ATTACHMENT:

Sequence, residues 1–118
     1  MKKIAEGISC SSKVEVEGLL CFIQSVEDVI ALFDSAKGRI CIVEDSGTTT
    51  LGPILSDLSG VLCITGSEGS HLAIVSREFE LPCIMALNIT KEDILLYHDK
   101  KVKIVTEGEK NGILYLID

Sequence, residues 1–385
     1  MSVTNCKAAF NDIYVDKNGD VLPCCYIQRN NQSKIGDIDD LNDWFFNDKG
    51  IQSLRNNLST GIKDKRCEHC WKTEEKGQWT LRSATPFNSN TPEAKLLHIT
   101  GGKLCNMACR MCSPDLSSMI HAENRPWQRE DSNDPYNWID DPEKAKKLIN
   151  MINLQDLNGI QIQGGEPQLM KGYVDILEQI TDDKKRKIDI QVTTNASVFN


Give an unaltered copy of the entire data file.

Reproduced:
Sequence, residues 1–118
     1  MKKIAEGISC SSKVEVEGLL CFIQSVEDVI ALFDSAKGRI CIVEDSGTTT
    51  LGPILSDLSG VLCITGSEGS HLAIVSREFE LPCIMALNIT KEDILLYHDK
   101  KVKIVTEGEK NGILYLID

Sequence, residues 1–385
     1  MSVTNCKAAF NDIYVDKNGD VLPCCYIQRN NQSKIGDIDD LNDWFFNDKG
    51  IQSLRNNLST GIKDKRCEHC WKTEEKGQWT LRSATPFNSN TPEAKLLHIT
   101  GGKLCNMACR MCSPDLSSMI HAENRPWQRE DSNDPYNWID DPEKAKKLIN
   151  MINLQDLNGI QIQGGEPQLM KGYVDILEQI TDDKKRKIDI QVTTNASVFN